Be ye kind to one another. (Ephesians 4:32)
For good reason, young beginning pastors do not take the standard old texts for their first sermons. Few feel qualified to produce a full sermon on such subjects as John 3:16. The Golden Rule (Matthew 7:12). Salvation by faith (Ephesians 2:8-9). Love one another (John 13:34-35). Forgiveness. The home. Kindness (see above).
That’s why beginning preachers almost always gravitate to the exotic texts. They find those strange little metaphors, unusual verses and unfamiliar images and light on them.
Perhaps it’s easier to get their minds around such, I don’t know. One of my first sermons was suggested by “a house in a cucumber patch,” from Isaiah 1:8. That image had brought to mind an old bungalow where some relatives of ours used to live far out in the country, but which was later abandoned and soon completely covered by kudzu vines. Eventually, a massive mound of green vines stood there, hiding what used to be a house. What point my sermon made from that has long been forgotten.
Why didn’t I preach on grander (and safer?) subjects like the incarnation of Jesus, His miracles, His amazing teachings and sinless life, and of course, His death, burial and resurrection? Answer: Any of those subjects would be so huge, and I felt so small.
I could no more preach a full-length sermon on John 3:16 than swim the Atlantic.
Recently, someone sought my input for an upcoming sermon on the Golden Rule, “Do unto others as you would have them do to you.” The pastor had had a demanding week, and his study time was rapidly getting away from him. He wondered if I could give him a push in some direction with a story or an insight.
My wife said, “No wonder it’s so hard to preach on that. Everyone knows it, so it’s boring.”
Leave it to her.
That’s the truth, of course. And it’s the very reason we preachers find it difficult to come up with a sermon on such a subject.
The saying that “familiarity breeds contempt” carries a great deal of truth, although we’re not suggesting familiar texts and well-known truths are anything less than the inspired Word of God. They simply become commonplace from universal acceptance.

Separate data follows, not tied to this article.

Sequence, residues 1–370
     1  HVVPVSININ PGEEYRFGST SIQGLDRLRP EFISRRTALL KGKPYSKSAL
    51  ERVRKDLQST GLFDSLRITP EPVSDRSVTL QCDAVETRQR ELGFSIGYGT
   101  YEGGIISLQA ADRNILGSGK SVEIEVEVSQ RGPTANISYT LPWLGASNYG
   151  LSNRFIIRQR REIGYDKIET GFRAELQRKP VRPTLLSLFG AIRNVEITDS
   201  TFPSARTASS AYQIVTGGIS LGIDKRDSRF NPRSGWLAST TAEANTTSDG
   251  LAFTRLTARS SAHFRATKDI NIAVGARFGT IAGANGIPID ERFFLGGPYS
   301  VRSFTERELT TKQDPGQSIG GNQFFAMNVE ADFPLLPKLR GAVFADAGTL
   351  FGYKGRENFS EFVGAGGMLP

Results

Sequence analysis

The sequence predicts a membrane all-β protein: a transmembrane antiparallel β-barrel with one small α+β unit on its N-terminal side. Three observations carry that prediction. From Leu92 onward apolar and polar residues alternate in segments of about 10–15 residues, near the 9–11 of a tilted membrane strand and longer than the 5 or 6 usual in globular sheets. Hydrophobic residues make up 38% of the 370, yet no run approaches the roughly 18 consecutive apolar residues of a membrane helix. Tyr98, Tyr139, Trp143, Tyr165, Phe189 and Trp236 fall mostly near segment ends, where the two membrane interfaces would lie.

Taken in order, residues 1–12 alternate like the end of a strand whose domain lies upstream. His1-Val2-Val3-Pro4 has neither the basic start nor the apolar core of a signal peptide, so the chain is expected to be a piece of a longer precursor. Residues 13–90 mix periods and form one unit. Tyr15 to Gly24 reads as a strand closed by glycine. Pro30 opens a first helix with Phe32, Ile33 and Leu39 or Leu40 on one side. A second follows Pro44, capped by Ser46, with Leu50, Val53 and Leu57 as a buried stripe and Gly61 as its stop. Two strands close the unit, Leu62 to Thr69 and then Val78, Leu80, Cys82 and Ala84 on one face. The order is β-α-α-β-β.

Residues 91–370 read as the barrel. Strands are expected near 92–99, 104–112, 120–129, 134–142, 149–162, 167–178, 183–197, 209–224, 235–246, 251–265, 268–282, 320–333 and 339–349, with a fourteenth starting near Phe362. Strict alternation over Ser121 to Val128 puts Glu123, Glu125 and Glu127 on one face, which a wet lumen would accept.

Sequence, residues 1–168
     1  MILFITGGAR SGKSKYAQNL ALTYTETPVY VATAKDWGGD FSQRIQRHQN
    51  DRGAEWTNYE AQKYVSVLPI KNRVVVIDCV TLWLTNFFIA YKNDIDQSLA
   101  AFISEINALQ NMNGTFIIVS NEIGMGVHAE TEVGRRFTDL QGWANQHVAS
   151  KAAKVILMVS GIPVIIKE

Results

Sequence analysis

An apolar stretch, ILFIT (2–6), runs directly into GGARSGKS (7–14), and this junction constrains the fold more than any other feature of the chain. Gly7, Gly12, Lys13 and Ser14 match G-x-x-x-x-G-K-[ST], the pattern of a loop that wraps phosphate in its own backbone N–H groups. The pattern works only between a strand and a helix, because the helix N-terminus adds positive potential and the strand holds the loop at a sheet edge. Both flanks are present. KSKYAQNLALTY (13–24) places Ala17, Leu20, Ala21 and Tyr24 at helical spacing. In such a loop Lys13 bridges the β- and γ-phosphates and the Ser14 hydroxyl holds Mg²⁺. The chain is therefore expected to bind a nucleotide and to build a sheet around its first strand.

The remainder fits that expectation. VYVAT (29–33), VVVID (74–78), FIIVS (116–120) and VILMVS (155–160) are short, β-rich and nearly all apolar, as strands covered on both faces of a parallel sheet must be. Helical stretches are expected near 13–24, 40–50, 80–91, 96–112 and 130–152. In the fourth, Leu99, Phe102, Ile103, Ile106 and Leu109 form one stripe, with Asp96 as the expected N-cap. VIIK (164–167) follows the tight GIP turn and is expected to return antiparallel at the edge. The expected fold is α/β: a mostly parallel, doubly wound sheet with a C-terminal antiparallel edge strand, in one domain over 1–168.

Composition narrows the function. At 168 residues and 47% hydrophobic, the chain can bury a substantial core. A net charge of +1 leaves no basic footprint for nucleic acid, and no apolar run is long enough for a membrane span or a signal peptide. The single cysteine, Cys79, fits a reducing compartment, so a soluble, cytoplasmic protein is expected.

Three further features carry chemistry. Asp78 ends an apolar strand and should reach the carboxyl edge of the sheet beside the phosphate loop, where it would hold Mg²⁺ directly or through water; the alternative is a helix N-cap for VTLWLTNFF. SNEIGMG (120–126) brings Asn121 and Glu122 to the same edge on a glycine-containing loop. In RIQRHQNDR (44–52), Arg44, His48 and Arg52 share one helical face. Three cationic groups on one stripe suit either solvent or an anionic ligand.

Announce to your people that your next sermon will be “The Golden Rule” or “John 3:16″ and watch all but the most determined or least imaginative find reasons to be out of town that day.
Complicating this is that the preacher himself may find such texts and subjects unchallenging and even boring. They’re not, of course. The problem is not with John 3:16, one of the most amazing statements of Heaven’s truth to planet Earth imaginable.
The problem is with us.
1. The pastor needs to give himself plenty of time to prepare such a sermon.
If he begins preparing on Friday for Sunday’s sermon, we can almost guarantee the result will be shallow, inferior and unworthy of such a great teaching. The Holy Spirit has no problem with advance planning for sermons (and everything else!). The pastor shouldn’t either.
2. The pastor should study that text backward and forward and everything around it, learning text, context and pretext.
What is a pretext? All the ways this text has been “done wrong” by others in times past. A pastor should flag those potholes in order to avoid them.
In most cases, the context will suggest the problem which caused the Holy Spirit to put that teaching in the Bible in the first place, and that will get you started.
After all, it’s frequently good technique to begin a sermon with a problem, particularly one the people in the pews can relate to.
3. The pastor should constantly enlist Heaven’s assistance and should force himself to listen to the small stirrings of the Holy Spirit bringing His answer.
He should pray and then stay for the answer.
In my study, I sometimes find myself saying, “Lord, you have heard every sermon ever preached on this text. And you inspired many of them!” (said with a smile) “I could sure use your help here. What do I need to see that I’ve missed? Who embodies this trait? Who in Scripture or in the world has violated this truth?”
Whether the answer comes immediately or two hours later in my study or that evening while driving to the store, when it does come, my spirit rejoices and I grab pen and paper to make notes. Many a time, the answer arrives in the middle of the night.
After all, the Lord knows more sermons than the Library of Congress. He has heard them all.
He waits to be asked for His help.
4. A wise pastor having difficulty with an overly familiar text would do well to use another of his lifelines—a game show technique!—and phone a friend.
Prayer is his first lifeline. Always. A friend is the second.
Pastors having trouble with a familiar subject should do what my friend did this week: Call a couple of veteran preachers. If anyone understands the quandary of the young pastor, they will. (That still small voice which inhibits the preacher from asking an older minister for help is called ego, and he should reject its fearful counsel.)